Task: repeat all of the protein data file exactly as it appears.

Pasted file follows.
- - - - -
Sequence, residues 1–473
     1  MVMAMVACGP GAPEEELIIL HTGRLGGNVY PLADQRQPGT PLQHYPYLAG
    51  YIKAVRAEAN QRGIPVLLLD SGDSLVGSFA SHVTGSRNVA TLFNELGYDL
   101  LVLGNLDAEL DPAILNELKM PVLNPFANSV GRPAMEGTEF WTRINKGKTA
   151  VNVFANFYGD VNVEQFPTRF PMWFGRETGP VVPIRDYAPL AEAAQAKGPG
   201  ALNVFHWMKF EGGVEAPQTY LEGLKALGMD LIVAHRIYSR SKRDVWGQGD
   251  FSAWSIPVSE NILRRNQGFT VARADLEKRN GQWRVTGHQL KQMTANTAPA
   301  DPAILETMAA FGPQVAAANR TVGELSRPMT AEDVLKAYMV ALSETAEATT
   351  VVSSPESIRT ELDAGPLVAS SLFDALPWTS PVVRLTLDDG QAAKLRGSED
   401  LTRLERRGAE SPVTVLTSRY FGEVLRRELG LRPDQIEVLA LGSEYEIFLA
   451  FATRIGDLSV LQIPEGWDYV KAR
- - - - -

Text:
Sequence, residues 1–473
     1  MVMAMVACGP GAPEEELIIL HTGRLGGNVY PLADQRQPGT PLQHYPYLAG
    51  YIKAVRAEAN QRGIPVLLLD SGDSLVGSFA SHVTGSRNVA TLFNELGYDL
   101  LVLGNLDAEL DPAILNELKM PVLNPFANSV GRPAMEGTEF WTRINKGKTA
   151  VNVFANFYGD VNVEQFPTRF PMWFGRETGP VVPIRDYAPL AEAAQAKGPG
   201  ALNVFHWMKF EGGVEAPQTY LEGLKALGMD LIVAHRIYSR SKRDVWGQGD
   251  FSAWSIPVSE NILRRNQGFT VARADLEKRN GQWRVTGHQL KQMTANTAPA
   301  DPAILETMAA FGPQVAAANR TVGELSRPMT AEDVLKAYMV ALSETAEATT
   351  VVSSPESIRT ELDAGPLVAS SLFDALPWTS PVVRLTLDDG QAAKLRGSED
   401  LTRLERRGAE SPVTVLTSRY FGEVLRRELG LRPDQIEVLA LGSEYEIFLA
   451  FATRIGDLSV LQIPEGWDYV KAR